This book records a major criticGCOs three decades of thinking about the connection between literature and the conditions of peopleGCOs livesGCothat is, politics. A preference for impurity and a search for how to analyze and explain it are guiding threads in this book as its chapters pursue the complex entanglements of culture, politics, and society from which great literature arises. At its core is the nineteenth-century novel, but it addresses a broader range of writers as well, in a textured, contoured, discontinuous history. The chapters stand out for a rare combination. They practice both an intensive close reading that does not demand unity as its goal and an attention to literature as a social institution, a source of values that are often created in its later reception rather than given at the outset. When addressing canonical writersGCoShakespeare, Dickens, Twain, Keats, Melville, George Eliot, Flaubert, Baudelaire, and Ralph EllisonGCothe author never forgets that many of their texts, even ShakespeareGCOs plays, were in their own time judged to be popular, commercial, minor, or even trashy.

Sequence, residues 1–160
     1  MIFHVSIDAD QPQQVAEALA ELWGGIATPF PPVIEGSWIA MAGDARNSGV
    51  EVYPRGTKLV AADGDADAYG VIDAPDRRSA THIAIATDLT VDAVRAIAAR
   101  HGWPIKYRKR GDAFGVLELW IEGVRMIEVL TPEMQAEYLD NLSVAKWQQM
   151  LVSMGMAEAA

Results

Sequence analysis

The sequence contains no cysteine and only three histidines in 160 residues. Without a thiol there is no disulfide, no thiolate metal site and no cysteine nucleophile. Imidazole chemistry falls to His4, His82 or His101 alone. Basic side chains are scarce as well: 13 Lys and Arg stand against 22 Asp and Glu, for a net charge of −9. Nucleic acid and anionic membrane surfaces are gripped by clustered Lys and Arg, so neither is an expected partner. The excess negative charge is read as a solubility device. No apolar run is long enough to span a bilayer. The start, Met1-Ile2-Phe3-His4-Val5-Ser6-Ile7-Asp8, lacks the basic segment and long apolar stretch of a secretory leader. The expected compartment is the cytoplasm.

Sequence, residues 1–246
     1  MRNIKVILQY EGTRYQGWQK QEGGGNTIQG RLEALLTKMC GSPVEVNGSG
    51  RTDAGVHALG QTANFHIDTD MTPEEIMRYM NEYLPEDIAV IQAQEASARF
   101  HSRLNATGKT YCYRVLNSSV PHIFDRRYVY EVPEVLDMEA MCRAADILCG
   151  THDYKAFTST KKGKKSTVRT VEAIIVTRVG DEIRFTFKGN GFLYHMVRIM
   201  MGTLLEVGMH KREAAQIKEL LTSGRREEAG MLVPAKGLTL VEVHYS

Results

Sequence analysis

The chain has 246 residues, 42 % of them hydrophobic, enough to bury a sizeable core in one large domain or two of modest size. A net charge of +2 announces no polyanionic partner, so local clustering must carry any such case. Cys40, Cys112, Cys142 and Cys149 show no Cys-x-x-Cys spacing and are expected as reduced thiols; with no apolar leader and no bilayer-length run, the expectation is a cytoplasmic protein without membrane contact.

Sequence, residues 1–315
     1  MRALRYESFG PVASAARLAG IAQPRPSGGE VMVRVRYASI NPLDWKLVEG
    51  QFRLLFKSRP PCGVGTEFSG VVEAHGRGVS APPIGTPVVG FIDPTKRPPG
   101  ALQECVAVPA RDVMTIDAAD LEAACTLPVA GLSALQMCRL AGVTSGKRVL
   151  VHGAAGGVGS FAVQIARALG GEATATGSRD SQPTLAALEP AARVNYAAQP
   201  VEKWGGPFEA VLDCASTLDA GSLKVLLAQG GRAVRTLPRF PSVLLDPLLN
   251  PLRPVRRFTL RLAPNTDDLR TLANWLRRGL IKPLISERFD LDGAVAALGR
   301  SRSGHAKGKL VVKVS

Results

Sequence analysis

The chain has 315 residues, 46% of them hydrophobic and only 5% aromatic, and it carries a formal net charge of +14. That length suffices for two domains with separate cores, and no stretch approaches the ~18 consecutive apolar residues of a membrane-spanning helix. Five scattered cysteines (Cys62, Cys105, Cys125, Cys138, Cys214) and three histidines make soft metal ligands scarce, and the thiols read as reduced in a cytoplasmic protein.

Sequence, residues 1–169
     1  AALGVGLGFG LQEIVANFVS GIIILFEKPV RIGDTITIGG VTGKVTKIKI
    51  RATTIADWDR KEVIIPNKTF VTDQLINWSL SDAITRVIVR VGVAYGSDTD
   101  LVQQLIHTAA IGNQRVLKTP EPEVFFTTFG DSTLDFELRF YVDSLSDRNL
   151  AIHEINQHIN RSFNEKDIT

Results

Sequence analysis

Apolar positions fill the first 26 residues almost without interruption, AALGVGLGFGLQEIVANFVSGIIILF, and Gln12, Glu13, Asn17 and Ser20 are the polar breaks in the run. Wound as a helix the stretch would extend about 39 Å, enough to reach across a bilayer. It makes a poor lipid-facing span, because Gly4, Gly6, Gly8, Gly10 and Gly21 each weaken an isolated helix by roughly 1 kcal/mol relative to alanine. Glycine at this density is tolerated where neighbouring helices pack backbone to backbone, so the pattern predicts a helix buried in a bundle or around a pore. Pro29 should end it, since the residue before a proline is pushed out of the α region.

In drawing on these works as resources in politically charged arguments about value, the author pays close attention to the processes of posterity that validated these authorsGCO greatness. Among those processes of posterity are the responses of other writers. In making their choices of style, subject, genre, and form, writers both draw from and differ from other writers of the past and of their own times. The critical thinking about other literature through which many great works construct their inventiveness reveals that criticism is not just a minor, secondary practice, segregated from the primary work of creativity. Participating in as well as analyzing that work of critical creativity, this volume is rich with important insights for all readers and teachers of literature.